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Occipital bone

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OCCIPITAL BONE ANATOMY

The base of the skull, along with the majority of the posterior portion of the skull, is comprised of a single bone known as the occipital bone. With the parietal bones meeting at the lambdoid suture, it creates that final curvature at the base of the head.

OCCIPITAL BONE STRUCTURE

This bone also has a large opening for the spinal cord to reach the brain stem, which is called the foramen magnum. Occipital condyles, which straddle either side of the foramen magnum, is where the atlas or first vertebra meets with the vertebral column.

OCCIPITAL BONE DIAGRAM

Occipital bone
Image: Occipital Bone


The occipital condyle hosts along its anterior edge the hypoglossal canal. The hypoglossal canal permits passage of the hypoglossal nerve.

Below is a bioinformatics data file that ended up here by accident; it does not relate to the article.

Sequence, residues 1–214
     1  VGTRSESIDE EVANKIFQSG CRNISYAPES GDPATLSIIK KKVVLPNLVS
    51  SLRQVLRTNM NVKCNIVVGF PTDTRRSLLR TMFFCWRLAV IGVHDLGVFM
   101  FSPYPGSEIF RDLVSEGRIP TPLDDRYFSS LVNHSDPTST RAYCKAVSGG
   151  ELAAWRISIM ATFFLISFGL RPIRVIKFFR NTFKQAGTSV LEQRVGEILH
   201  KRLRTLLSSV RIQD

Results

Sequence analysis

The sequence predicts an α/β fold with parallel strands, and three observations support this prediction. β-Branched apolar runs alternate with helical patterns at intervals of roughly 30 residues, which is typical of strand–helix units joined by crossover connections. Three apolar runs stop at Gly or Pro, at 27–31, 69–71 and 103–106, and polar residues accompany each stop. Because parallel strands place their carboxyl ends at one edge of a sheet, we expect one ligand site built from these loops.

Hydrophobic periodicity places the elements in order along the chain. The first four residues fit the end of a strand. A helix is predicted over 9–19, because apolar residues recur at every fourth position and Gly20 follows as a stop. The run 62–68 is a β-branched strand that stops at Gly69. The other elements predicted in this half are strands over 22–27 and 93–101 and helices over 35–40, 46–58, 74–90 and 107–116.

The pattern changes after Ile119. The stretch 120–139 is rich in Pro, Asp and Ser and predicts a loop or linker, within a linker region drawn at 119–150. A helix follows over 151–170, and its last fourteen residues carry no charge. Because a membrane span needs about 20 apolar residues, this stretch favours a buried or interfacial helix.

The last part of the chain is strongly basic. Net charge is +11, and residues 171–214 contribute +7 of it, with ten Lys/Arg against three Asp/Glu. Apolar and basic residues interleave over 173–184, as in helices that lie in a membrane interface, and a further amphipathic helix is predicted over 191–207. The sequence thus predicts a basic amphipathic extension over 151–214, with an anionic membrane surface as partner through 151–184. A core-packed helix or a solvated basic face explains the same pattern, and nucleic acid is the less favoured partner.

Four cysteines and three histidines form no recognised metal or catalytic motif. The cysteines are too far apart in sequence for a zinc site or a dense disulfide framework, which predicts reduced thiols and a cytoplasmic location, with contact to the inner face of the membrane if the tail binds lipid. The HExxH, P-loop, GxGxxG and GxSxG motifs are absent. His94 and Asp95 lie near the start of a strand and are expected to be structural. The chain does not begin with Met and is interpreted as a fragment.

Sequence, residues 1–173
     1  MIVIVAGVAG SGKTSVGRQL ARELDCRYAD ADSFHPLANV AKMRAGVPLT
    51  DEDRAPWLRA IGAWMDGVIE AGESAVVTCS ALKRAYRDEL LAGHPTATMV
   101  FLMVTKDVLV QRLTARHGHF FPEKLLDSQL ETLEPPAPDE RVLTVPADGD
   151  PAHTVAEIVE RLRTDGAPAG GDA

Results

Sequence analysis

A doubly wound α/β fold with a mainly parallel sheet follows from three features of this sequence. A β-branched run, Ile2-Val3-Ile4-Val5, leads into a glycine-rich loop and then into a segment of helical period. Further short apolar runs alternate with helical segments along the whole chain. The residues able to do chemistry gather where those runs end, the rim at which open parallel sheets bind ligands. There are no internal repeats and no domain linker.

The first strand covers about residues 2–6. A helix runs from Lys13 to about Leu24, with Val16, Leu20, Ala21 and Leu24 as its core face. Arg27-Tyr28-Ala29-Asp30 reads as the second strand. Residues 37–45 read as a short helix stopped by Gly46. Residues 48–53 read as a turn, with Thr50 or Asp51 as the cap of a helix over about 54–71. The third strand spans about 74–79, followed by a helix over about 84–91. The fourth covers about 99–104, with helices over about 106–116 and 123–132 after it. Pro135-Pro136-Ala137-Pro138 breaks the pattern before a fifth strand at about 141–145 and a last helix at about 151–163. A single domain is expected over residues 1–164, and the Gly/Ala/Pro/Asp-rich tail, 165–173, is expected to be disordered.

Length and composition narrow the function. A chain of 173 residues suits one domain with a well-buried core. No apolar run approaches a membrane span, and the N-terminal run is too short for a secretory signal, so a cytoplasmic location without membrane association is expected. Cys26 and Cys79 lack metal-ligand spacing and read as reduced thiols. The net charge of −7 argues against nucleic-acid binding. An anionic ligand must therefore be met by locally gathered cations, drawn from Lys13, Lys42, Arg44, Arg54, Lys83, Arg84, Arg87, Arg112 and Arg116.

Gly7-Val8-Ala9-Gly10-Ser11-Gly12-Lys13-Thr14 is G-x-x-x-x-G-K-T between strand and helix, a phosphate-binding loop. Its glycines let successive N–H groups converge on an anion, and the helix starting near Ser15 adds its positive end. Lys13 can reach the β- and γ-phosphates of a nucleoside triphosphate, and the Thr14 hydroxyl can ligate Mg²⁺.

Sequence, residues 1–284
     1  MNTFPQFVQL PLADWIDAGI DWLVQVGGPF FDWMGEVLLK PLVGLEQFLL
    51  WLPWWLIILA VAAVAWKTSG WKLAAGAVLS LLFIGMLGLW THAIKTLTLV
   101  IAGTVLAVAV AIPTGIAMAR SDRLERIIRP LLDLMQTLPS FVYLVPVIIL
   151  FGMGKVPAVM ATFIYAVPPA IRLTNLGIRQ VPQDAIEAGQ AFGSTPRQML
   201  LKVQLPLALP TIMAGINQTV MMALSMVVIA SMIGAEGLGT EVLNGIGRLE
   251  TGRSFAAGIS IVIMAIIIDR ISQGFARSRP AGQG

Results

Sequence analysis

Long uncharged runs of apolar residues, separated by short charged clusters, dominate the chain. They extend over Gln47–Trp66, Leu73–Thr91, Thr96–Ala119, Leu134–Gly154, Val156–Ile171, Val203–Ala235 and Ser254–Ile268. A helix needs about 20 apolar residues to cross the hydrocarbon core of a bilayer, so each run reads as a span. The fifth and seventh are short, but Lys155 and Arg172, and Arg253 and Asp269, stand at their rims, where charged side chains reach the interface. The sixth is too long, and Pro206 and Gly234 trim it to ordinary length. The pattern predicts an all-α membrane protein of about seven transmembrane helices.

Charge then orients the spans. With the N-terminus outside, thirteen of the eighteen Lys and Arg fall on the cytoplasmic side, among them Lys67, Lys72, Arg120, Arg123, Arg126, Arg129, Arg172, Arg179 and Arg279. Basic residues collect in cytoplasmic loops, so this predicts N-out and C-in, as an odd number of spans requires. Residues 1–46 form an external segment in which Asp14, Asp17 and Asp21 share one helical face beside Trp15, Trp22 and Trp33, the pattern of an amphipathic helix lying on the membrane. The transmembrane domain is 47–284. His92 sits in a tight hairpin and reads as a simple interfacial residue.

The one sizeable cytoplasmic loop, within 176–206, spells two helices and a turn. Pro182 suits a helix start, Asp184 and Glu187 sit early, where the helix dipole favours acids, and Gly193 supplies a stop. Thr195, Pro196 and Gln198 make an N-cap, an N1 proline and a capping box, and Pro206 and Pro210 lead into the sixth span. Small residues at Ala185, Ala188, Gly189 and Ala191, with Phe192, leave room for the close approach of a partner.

The occipital condyle lies just anterior of the codyloid canal. Just under the skin, the obvious and definite bump is the external occipital protuberance, which is a highly prominent projection at the posterior base of the skull.

Sutural bones, which are frequently occurring irregular bones throughout the lambdoid suture, are often clustered in small groups. The ridge that extends across from the occipital protuberance to the mastoid section of the temporal bone is known as the superior nuchal line.










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